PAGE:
Lewis Rifkind is a Whitehorse based part-time environmentalist.

Get local stories you won't find anywhere else right to your inbox.
Sign up here

Just Posted

In a Feb. 17 statement, the City of Whitehorse announced it had adopted the what3words location technology used for emergency response. (Haley Ritchie/Yukon News)
Three words could make all the difference in an emergency

City of Whitehorse announced it had adopted the what3words location technology

Jesse Whelen, Blood Ties Four Directions harm reduction councillor, demonstrates how the organization tests for fentanyl in drugs in Whitehorse on May 12, 2020. The Yukon Coroner’s Service has confirmed three drug overdose deaths and one probable overdose death since mid-January. (Crystal Schick/Yukon News file)
Three overdose deaths caused by “varying levels of cocaine and fentanyl,” coroner says

Heather Jones says overdoses continue to take lives at an “alarming rate”

Wyatt's World for Feb. 24, 2021.
WYATT’S WORLD

Wyatt’s World for Feb. 24, 2021.

Approximately 30 Yukoners protest for justice outside the Whitehorse courthouse on Feb. 22, while a preliminary assault hearing takes place inside. The Whitehorse rally took place after the Liard Aboriginal Women’s Society, based in Watson Lake, put out a call to action over the weekend. (Crystal Schick/Yukon News)
Courthouse rally denounces violence against Indigenous women

The Whitehorse rally took place after the Liard Aboriginal Women’s Society put out a call to action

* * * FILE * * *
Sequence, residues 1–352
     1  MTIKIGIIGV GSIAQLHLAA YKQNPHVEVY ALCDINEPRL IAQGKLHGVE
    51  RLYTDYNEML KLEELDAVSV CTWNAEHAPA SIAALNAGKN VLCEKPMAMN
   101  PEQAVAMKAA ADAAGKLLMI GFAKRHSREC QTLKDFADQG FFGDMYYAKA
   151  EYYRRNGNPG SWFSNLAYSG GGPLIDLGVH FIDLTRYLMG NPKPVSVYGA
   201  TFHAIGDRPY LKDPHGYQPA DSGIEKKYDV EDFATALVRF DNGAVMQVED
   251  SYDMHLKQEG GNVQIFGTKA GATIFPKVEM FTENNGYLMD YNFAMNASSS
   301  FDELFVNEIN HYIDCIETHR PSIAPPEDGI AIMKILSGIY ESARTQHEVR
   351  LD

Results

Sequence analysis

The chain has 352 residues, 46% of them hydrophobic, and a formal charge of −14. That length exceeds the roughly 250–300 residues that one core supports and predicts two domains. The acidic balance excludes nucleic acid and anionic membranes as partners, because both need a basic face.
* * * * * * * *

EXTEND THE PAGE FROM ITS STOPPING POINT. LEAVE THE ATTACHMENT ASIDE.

Susie Rogan is a veteran musher with 14 years of racing experience and Yukon Journey organizer. (Yukon Journey Facebook)
Yukon Journey mushers begin 255-mile race

Eleven mushers are participating in the race from Pelly Crossing to Whitehorse

Legislative assembly on the last day of the fall sitting in Whitehorse on Nov. 22, 2018. As the legislature prepares to return on March 4, the three parties are continuing to finalize candidates in the territory’s 19 ridings. (Crystal Schick/Yukon News file)
Nine new candidates confirmed in Yukon ridings

It has been a busy two weeks as the parties try to firm up candidates

David Malcolm, 40, has been charged with assaulting and attempting to disarm a police officer after an incident in Whitehorse on Feb. 18. (Phil McLachlan/Capital News)
Man resists arrest, assaults officer

A Whitehorse man has been charged with assaulting and attempting to disarm… Continue reading

Yukon Energy in Whitehorse on Aug. 4, 2020. A site on Robert Service Way near the Alaska Highway has been selected as the future home of Yukon Energy’s energy storage project. (Crystal Schick/Yukon News file)
Site selected for Yukon Energy battery project

Planned to be in service by the end of 2022

The Yukon government and the Yukon First Nations Chamber of Commerce have signed a letter of understanding under the territory’s new procurement policy. (Crystal Schick/Yukon News file)
First Nation business registry planned under new procurement system

Letter of understanding signals plans to develop registry, boost procurement opportunities

US Consul General Brent Hardt during a wreath-laying ceremony at Peace Arch State Park in September 2020. Hardt said the two federal governments have been working closely on the issue of appropriate border measures during the pandemic. (John Kageorge photo)
New U.S. consul general says countries working closely on COVID-19 border

“I mean, the goal, obviously, is for both countries to get ahead of this pandemic.”

Legislative assembly on the last day of the fall sitting in Whitehorse on Nov. 22, 2018. (Crystal Schick/Yukon News file)
Start of spring sitting announced

The Yukon legislature is set to resume for the spring sitting on… Continue reading

Whitehorse City Hall. (Joel Krahn/Yukon News file)
City hall, briefly

A look at decisions made by Whitehorse City Council this week

Most Read